By Vickey Casey
We’ve all been there. We have arrived at work and realized that we have forgotten our lunch. This harrowing discovery is made worse by the knowledge that today, because why not today, the world has imploded and you will have to work through your break.
“Hangriness” is real and you know going too long without putting something in your too empty stomach will be detrimental to the success of your day and that of those around you.
The lines for food trucks are way too long and again, you only have a few minutes. It’s also winter so standing outside is as appealing as making a lunch out of vending machine food.
Despair begins to set in as your brain attempts to work and seek out food.
If you lived in the UK, this would be less of a problem because in the average CVS or Walgreens like shop or grocery store equivalent there is always a £5 ($10) meal deal available. More specifically a sandwich, drink and snack combination for a low and affordable price.
More importantly, no matter which neighborhood you go to or the socio-economic bracket of the population, this is available.
The same cannot be said about the availability of fresh produce or quick, healthy meals in certain parts of Washington D.C. The lack of these simple but necessary delight are called food deserts.
According to the Center for Disease Control, “food deserts are areas that lack access to affordable fruits, vegetables, whole grains, lowfat milk, and other foods that make up the full range of a healthy diet.”
A key factor of this is food insecurity. The ability to afford fresh produce or privilege of living close enough to a grocery store is not something the residents of D.C. Wards 7 and 8 can boast.
42.2 million Americans lived in food-insecure households, according to Feeding America, including over 13 million children. In 2013 D.C. had the highest rates of child food insecurity, 30.5 percent of the District’s 111,532 residents under 18 years old.
Thankfully, there are people working hard to solve these problems including some very helpful BUGs.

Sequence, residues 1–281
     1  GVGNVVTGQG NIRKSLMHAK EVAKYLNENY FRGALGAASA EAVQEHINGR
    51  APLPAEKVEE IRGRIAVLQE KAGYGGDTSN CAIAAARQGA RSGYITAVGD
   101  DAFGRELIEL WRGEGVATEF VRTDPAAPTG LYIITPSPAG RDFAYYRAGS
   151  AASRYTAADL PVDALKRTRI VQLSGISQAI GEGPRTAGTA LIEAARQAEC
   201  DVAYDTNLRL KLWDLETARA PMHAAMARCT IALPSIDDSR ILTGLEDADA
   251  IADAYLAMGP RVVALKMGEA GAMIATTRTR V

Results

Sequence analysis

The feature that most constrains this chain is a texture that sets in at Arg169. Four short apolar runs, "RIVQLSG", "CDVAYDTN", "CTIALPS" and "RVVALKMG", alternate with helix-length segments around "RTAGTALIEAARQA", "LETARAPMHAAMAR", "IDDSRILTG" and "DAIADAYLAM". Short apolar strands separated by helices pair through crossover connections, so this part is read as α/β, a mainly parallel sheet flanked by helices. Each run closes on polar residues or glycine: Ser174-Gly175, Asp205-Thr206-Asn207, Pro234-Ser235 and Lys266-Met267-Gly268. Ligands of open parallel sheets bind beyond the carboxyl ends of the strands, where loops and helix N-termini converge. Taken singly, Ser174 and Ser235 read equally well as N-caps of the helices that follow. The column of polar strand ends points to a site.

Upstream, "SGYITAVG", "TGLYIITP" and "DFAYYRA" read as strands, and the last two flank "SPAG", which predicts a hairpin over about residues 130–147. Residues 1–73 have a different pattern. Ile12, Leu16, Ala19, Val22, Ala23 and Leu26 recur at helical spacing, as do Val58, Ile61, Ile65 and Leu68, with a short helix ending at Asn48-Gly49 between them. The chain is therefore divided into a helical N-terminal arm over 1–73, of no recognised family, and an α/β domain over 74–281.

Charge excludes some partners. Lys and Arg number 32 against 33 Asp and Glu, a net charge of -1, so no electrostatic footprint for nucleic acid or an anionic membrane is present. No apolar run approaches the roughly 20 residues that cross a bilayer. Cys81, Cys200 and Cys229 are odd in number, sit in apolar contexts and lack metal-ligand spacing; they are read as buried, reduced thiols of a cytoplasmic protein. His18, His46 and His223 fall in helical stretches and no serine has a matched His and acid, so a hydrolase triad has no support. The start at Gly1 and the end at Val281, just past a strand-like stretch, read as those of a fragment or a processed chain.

Looking for Lunch
For the hungry professional with money to shop at Whole Foods or time to brave Trader Joe’s lines, stopping at a well stocked CVS, Walgreens or Rite Aid could do the trick.
Video shot by Jessica McFadden in 2013 when the store opened.
Take the Walgreens in D.C.’s Chinatown for example. The three floor structure has a fancy boutique as its crown, a small and full grocery store complete with a fresh produce section and even a selection of wine and beer. It’s also open until 12 a.m. so those burning the midnight oil can run over an grab some fuel. To be clear there are no simple meal deals here, like those described in the UK, but a meal is still doable.
It’s morning and you’re still not awake. Grab a cup of coffee and a complementary muffin from this location’s bakery.
Want something for lunch? Choose from sushi, fresh soup, wings, wraps, hummus, fresh sandwiches and throw on some fruit. For slightly more sustainable options, choose one of their eight bread options and eight deli meats and make yourself food for days.
Craving something sweet and cold? This location also offers frozen yogurt. How appealing this will be in December is up for debate but it is still an option.
Dinner time and still working? Yea we are too. If you got the loaf and meat, a second sandwich. If you didn’t and want something else, their well stocked frozen isle may home something to suit your tastes. Choose from pizzas, stake dinners, lasagna, hot pockets, lean cuisine dishes and even organic enchiladas.
Oh, did I mention wine and beer?
This Walgreens is very much the exception the exception of the average drug store or corner store rule. For those with money and time to shop here, the options are plenty. But there is still no nicely packaged, money saving meal deal.